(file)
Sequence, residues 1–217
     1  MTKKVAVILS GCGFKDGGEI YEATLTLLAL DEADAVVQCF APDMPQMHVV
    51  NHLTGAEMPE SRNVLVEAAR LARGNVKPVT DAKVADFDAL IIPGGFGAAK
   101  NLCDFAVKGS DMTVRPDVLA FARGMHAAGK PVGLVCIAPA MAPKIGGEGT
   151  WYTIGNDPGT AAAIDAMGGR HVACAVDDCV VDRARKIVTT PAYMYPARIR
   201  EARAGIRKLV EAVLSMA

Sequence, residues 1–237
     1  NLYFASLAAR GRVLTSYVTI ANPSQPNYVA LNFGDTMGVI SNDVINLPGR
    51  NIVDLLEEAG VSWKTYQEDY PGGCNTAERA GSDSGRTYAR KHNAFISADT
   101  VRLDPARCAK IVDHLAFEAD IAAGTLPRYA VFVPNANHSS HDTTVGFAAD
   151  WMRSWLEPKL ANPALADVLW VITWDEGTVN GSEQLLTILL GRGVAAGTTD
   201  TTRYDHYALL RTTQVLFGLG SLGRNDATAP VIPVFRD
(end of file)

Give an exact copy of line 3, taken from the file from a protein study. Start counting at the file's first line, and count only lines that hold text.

    51  NHLTGAEMPE SRNVLVEAAR LARGNVKPVT DAKVADFDAL IIPGGFGAAK